Paradise Lost is a grim alternate history lesson that asks tough philosophical questions about humanity and sacrifice.
Set in an alternate timeline where the Nazis nuked Europe and retreated to massive underground bunkers to wait out a nuclear winter, Paradise Lost tells the story of Szymon, a 12-year-old boy who ventures into one of these shelters in search of his father. Developed by Warsaw-based studio PolyAmorous Games, it presents the player with a grim alternate history lesson full of tough philosophical questions while immersing them in a strange and captivating world.
However, while the Third Reich plays a significant part in the game’s story, you won’t be blasting any Nazis in this adventure. Paradise Lost shares more in common with walking simulators like Gone Home and Firewatch than it does Wolfenstein: The New Colossus. It’s all about intelligent exposition and tense exploration. Like Bioshock before it, it tells the story of an advanced society destroyed by its unchecked ambitions. However, instead of touring its crumbling corridors and grand granite galleries with a Thompson machine gun in hand, you’ll be methodically combing through the environment to piece together the events that led to the shelter’s collapse. It’s a reflective, emotional adventure that touches on painful subjects not often explored in video games. But does Paradise Lost provide a story worth telling?
The Pride And The Fall
Paradise Lost‘s story unfolds through conveniently placed notes and audio recordings spread across the facility like a trail of breadcrumbs in typical walking simulator fashion. Through them, we’re given insight into the shelter’s former inhabitants’ lives, and the shadowy events conducted deep in the facility. Considering the bunker was designed to sustain the Aryan race while the world above was ravaged by nuclear radiation, it’s unsurprising that the story delves into some pretty heavy themes. Human experimentation, forced insemination, genocide, and other equally uncomfortable topics are explored throughout the game’s narrative.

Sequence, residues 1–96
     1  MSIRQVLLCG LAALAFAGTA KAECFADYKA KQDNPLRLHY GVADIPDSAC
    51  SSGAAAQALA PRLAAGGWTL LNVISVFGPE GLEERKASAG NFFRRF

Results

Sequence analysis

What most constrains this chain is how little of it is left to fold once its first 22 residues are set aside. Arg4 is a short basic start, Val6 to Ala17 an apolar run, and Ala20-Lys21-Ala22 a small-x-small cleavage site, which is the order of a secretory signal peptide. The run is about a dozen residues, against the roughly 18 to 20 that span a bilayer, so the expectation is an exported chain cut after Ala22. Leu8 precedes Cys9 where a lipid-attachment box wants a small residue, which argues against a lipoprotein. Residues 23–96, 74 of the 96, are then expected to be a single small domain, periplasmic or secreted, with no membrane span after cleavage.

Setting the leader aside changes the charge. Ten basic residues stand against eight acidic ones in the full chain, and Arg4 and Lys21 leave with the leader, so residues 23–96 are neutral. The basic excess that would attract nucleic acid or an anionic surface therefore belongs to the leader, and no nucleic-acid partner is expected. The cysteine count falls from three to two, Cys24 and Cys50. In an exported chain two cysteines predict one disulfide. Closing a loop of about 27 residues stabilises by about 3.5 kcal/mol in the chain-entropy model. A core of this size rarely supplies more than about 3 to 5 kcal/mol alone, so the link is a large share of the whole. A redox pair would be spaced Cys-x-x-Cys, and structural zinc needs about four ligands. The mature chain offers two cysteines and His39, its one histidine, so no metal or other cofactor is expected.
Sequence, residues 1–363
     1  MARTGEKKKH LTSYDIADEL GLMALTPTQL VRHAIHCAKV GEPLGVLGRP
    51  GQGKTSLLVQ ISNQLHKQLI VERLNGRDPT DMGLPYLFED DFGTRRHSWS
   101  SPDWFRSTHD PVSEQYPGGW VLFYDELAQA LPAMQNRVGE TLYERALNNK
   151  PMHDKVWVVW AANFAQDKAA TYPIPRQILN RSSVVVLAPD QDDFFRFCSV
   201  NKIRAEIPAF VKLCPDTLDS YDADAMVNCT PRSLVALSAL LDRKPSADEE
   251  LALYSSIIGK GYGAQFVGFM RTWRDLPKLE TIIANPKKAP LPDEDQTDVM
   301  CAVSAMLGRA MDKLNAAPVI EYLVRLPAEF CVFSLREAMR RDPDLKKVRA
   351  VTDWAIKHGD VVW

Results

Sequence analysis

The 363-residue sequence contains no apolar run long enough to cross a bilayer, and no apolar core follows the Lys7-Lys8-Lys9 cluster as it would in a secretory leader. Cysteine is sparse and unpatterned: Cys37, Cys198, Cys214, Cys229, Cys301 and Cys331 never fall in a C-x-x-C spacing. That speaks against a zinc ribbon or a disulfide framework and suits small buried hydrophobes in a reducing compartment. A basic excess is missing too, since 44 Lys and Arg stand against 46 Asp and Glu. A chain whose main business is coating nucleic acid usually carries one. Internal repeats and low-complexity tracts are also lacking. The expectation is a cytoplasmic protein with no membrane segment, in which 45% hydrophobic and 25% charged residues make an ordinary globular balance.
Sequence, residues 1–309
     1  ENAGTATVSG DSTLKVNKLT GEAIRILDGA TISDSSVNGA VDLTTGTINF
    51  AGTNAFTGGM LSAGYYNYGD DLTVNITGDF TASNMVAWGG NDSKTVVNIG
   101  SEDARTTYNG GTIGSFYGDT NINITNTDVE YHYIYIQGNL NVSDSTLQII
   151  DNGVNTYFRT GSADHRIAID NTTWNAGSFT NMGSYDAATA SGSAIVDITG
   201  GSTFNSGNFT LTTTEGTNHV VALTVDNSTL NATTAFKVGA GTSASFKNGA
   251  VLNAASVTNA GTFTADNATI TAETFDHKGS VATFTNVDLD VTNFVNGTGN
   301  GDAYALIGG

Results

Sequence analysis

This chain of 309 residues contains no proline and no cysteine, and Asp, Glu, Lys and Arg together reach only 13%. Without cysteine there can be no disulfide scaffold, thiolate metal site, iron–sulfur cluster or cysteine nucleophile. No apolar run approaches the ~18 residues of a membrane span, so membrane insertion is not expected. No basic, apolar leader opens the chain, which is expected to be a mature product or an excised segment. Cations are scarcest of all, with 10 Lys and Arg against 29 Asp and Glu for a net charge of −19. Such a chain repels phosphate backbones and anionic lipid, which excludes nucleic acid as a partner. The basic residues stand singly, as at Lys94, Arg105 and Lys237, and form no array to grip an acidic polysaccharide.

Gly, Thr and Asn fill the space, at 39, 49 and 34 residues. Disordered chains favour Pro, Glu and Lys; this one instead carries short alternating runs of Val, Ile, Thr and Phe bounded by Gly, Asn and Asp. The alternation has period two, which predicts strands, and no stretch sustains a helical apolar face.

But despite its horrifying subject matter, the way the game introduces these subjects never comes across as forced or too heavy-handed. Everything is treated with the proper seriousness and solemnity it deserves rather than thrown in the player’s face for shock value. I genuinely appreciated this approach to Paradise Lost‘s storytelling, as it made the narrative feel surprisingly grounded and impactful despite some of the story’s more fantastical sci-fi elements.
Shortly after Szymon arrives at the bunker, he comes into contact with a mysterious girl named Ewa through the bunker’s radio system. Ewa essentially serves as Szymon’s “radio buddy” and guides him from one objective to the next. While the relationship between these two characters takes time to develop, their connection eventually grows and becomes the main focus as the threads of their tragic stories begin to intertwine. Without a doubt, their relationship is the most compelling part of the game’s story. And even though I saw its major plot twist from a mile away, the narrative kept me hooked thanks to Paradise Lost‘s exceptional writing and worldbuilding.
Take Me Down, 6 Underground